The aim of the extensive project initiated by the Ministry of Social Affairs in spring 2023 and carried out by the University of Tartu was to draw up a “Long-term personalised medicine programme for 2024-2034”. As a legal expert, the University of Tartu engaged the regional head of our medical and health care team, counsel Lise-Lotte Lääne.

“The aim of the programme was to map the current concerns and develop solutions for bringing the latest and most innovative personalised medicine solutions to our people,” explains our counsel Lise-Lotte Lääne. Simply put, personalised medicine is a medical model that uses all kinds of data related to or potentially affecting a person’s health to develop a proper treatment strategy for a specific individual at the right time. It is also used to identify the predisposing factors for disease, so that targeted disease prevention measures can be taken in a timely manner. In an ideal world, information on a person’s health risks should reach the individual in time and proactively, so as to prevent and avoid (or at least effectively treat) health problems. “No isolated measure or action will guarantee such results, but a combination of measures should bring personalised medicine into our everyday publicly funded healthcare, not only in theory but also in practice,” says Lise-Lotte.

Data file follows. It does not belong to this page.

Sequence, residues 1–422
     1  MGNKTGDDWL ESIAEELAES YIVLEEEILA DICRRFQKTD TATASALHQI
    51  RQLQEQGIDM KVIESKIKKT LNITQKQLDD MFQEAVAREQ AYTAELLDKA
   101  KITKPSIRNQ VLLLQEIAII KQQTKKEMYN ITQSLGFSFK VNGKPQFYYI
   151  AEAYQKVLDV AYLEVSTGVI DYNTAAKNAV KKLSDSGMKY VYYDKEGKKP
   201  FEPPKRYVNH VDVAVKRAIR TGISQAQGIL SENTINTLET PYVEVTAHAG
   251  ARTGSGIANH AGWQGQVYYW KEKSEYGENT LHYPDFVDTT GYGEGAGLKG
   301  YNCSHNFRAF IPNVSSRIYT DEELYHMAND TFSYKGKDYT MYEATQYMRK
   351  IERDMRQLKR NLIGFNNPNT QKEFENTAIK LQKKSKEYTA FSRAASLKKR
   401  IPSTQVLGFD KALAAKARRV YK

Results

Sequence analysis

Lääne notes that Estonia has so far lacked a programme defining personalised medicine and its objectives in a broad sense. “For example, personalised medicine used to be designed narrowly on the basis of genetic data, but there has been no general reflection on how personalised medicine as a whole could function in Estonia. The finalised programme aimed to clarify the big picture of personalised medicine and to highlight the aspects and obstacles that blur this picture.”

Counsel Lise-Lotte Lääne, along with associate Jaanika Alevi and assistant lawyer Kärt Saar, conducted a legal analysis of the entire programme. This included extensive mapping of Estonian and EU legislation and the analysis and interpretation of laws and regulations in the light of the programme’s content. “In the final phase of the programme, it also meant analysing whether the actions and recommendations to be written into the programme require changes to the legal framework, and if so, then what kind,” says Lääne.

Our experts also participated in the seminars and meetings organised for the preparation of the programme (including five focus interviews, one seminar for the wider public at the Ministry of Social Affairs and one programme launch event), contributing a total of over 100 working hours to the programme.